Gold bulls have enjoyed a nice rally over the past nine months, and investors are wondering if developments at the G20 meeting this past weekend in Japan could signal the end of the party for gold stocks.
U.S. and China chat
The leaders of the United States and China had a chance to meet on the sidelines of the summit. The anticipated conversation between President Trump and President Xi had investors and traders sitting on the edge of their seats at the end of last week, debating what would come out of the talks.
Pundits had views ranging from a surprise trade deal to an increase in tariffs. In the end, the result is pretty much what most people should have expected. China and the United States have agreed to a “truce” in their ongoing trade dispute. Neither country will increase tariffs while they continue to negotiate.
Gold dropped as much as 2% in international trading on July 1. Part of the pullback could simply be profit taking after the sharp move above US$1,400 in recent weeks. The other reason could be connected to the U.S. decision to allow American companies to continue selling components to China’s largest telecom player Huawei.
The move might be viewed as an olive branch being extended by the United States, and pundits could be reading it as the breakthrough that would lead to a trade deal.
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President Trump also met with North Korea’s leader at the border between South and North Korea. The photo session led to a brief closed-door meeting between the two men, and that has the market wondering if relations might start to improve again after talks broke down regarding North Korea’s nuclear program.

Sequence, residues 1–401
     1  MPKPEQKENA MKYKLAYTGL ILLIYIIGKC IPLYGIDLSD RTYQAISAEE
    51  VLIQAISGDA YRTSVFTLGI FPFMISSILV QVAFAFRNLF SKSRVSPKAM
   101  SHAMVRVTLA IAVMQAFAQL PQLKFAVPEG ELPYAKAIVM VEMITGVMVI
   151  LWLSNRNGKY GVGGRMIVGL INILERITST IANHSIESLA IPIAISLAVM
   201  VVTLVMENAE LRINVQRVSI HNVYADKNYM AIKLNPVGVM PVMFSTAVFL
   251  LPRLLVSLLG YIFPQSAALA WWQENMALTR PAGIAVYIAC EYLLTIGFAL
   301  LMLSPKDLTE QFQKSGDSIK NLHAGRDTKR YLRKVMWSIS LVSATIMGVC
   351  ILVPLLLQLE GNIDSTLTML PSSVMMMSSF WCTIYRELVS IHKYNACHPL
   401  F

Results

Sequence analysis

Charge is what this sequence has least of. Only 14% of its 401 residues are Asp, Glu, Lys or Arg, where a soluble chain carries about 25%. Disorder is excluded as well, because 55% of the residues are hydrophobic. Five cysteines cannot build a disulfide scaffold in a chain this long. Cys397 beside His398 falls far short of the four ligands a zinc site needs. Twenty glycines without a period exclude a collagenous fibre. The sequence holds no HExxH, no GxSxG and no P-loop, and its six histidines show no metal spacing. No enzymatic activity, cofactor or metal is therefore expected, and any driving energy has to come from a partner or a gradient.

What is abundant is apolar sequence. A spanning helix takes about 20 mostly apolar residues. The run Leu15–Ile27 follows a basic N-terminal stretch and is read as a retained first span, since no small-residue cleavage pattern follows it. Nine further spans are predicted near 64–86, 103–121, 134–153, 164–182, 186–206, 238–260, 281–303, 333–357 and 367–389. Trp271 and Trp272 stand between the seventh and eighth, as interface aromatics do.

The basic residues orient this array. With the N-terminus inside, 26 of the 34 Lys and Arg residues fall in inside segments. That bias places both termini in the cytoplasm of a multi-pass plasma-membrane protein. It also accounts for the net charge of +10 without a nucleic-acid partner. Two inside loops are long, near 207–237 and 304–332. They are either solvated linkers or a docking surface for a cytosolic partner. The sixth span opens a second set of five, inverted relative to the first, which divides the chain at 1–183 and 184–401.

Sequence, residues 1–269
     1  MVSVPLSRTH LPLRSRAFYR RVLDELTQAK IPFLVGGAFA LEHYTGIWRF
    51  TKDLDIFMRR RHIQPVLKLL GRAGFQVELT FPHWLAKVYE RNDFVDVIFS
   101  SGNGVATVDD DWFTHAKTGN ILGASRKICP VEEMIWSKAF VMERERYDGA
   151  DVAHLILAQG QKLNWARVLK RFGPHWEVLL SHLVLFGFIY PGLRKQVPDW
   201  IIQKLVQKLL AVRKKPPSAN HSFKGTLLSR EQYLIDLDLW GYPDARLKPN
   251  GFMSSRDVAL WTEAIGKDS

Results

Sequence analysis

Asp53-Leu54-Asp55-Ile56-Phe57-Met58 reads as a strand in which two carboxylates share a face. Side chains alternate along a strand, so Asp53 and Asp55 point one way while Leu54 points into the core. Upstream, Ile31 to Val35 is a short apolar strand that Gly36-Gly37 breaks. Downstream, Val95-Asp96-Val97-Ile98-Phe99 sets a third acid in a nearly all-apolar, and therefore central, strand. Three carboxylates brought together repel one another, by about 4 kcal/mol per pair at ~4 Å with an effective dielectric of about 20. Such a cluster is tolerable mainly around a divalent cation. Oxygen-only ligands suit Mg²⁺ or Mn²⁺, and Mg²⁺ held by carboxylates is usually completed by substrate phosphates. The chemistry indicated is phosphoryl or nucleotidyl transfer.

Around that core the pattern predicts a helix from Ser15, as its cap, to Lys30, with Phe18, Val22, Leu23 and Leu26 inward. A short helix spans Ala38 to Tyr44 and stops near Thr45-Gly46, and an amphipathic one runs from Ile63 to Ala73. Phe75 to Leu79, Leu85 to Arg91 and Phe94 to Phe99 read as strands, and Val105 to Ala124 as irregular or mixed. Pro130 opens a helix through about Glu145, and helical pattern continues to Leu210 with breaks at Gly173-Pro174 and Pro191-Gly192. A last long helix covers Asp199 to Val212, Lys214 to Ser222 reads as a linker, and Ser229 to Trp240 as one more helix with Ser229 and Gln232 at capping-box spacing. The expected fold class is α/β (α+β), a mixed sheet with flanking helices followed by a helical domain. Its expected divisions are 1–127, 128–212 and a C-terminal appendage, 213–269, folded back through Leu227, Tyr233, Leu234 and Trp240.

Overall, the market could be seeing a dip in safe-haven buying. If that trend continues, gold could extend the pullback.
The bond market barely budged after the conclusion of the G20. The U.S. 10-year yield remains close to 2%, suggesting traders are still anticipating a U.S. interest rate cut next month. Global economic uncertainty created by the U.S.-China trade dispute and punitive tariffs play a factor in the Fed’s rate decisions. If the market believed a trade deal might be on the way, the bond market likely would have sold off, driving yields higher.
Low bond yields tend to be positive for gold.
Are gold stocks a buy?
Long-term gold bulls might want to take advantage of the dip to add to positions in their portfolios.
There is a chance the weakness could be short-lived, as interest rates tend to have a larger influence on gold than geopolitical events. Barring a sudden mood reversal, the Fed is widely expected to cut its target rate, at least once in the second half of 2019 and again next year. Assuming that happens, bond yields should continue to fall and provide ongoing support for gold.
Investors who have been on the sidelines might want to buy Barrick Gold and its peers on any further move to the downside.
This article represents the opinion of the writer, who may disagree with the “official” recommendation position of a Motley Fool premium service or advisor. We’re Motley! Questioning an investing thesis — even one of our own — helps us all think critically about investing and make decisions that help us become smarter, happier, and richer, so we sometimes publish articles that may not be in line with recommendations, rankings or other content.
Fool contributor Andrew Walker owns shares of Barrick Gold.